Saturday, April 3, 2010
OMG! (And I mean that literally.) I was just channel surfing during a commercial break in the Final Four, and guess what's on ABC tonight? That Cecil B. DeMille sex-and-sandals epic, "The Ten Commandments," featuring some of the most unintentionally campy lines of all time including "Catch a lotus and you catch a wish," "A charging chariot knows no rank" and my favorite, "Oh Moses, Moses, you stubborn, splendid, adorable fool!"
Monday, March 29, 2010
(Above: Lyndon Johnson signs the Medicare bill)
I'm going to turn 65 next week, which means I'm eligible for Medicare.
That's the good news. The bad news is that I have to choose among a bewildering array of competing Medicare plans.
Do I want a Medigap policy - and there are dozens of different ones to choose from - or do I want an HMO or a PPO? And what happens if I change my mind down the road?
For the last few months, I've been inundated with letters and phone calls from insurance companies, each one claiming their Medicare plan is the best and all the others stink.
I've piled all the letters in a huge heap in my living room that dwarfs the mini-mountain Richard Dreyfuss built on his dining room table in "Close Encounters of the Third Kind."
Two months ago, I got a call from a guy who said, "I represent all the insurance companies offering Medicare policies in Northern California, and I'm here to hold your hand through the application process." Great, huh?
Not really. After asking for a lot of personal information, he said, "Let's you and me call Medicare together. But don't say a word. I'll do all the talking."
Uh oh. Red flag. So I said, "Will I have to give out my Social Security number?"
"Of course," he said.
"I'll tell you what," I said. "I'll call Medicare myself." And I hung up. I don't mind telling the Medicare people my Social Security number, but I sure wasn't going to reveal it to a total stranger.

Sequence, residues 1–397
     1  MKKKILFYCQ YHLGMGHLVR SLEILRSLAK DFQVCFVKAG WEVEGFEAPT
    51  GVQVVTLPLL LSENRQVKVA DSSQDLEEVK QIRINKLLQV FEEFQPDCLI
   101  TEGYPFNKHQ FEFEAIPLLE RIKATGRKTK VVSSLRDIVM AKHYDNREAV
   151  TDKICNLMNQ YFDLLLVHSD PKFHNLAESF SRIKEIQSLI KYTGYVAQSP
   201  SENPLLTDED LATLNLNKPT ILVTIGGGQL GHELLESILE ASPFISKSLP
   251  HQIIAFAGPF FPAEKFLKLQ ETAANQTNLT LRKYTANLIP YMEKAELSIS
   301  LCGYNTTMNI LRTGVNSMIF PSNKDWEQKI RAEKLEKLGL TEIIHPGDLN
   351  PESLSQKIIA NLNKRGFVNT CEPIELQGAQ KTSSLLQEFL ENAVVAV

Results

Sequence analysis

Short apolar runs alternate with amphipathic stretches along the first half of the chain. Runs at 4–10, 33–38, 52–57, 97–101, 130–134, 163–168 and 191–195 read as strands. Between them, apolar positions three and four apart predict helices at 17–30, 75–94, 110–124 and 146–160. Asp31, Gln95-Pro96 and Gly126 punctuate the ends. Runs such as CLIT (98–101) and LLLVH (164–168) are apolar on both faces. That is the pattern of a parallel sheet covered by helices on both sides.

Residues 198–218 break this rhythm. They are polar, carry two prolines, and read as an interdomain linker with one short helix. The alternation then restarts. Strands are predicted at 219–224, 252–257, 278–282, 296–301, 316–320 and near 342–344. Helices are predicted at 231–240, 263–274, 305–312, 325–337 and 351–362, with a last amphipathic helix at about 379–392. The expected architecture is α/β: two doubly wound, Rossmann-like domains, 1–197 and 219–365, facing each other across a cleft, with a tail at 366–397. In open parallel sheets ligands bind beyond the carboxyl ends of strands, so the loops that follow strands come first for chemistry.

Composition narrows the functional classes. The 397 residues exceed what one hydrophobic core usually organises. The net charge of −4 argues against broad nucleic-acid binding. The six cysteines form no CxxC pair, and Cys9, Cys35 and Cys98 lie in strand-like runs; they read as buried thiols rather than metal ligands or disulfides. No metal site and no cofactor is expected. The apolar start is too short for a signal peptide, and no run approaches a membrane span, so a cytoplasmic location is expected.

So I called Medicare and talked to a very nice woman and told her what had just happened.
"Thank goodness you hung up," she said. "He's probably either a scam artist trying to get your personal information for identity theft, or he's an insurance broker trying to steer you toward the company that pays him the highest commission."
Whew! Dodged that bullet. But I was still stuck at square one; namely, how do I decide among all those competing policies?
"Not to worry," she said. "There's a free counseling service called HICAP (short for Health Insurance Counseling & Advocacy Program). It's funded by the state and federal governments, and they can help you sort all this out. Give them a call."
So I did. And it was just as she said. I talked with a friendly and knowledgeable volunteer counselor who cut through all the gobbledygook and helped me choose the plan that will work best for me.
In fact, she knew more about each plan than the insurance salesmen I talked with, many of whom were shockingly misinformed about the details of their own policies.
I only wish I had called HICAP months ago. It would have saved me a lot of frustration.
HICAP has in-person counseling sites throughout Alameda and Contra Costa counties. (There are six in my hometown of Berkeley alone.) If you're approaching 65 or otherwise need help with Medicare, call 800-434-0222 and they'll set up an appointment at a location near you.
And if you'd like to become a counselor yourself, HICAP will hold a series of training sessions next month. Call 510-839-0393 if you live in Alameda County or 925-335-8791 if you live in Contra Costa.
Please consider volunteering to be a counselor. It's an opportunity to do a lot of good for a lot of people.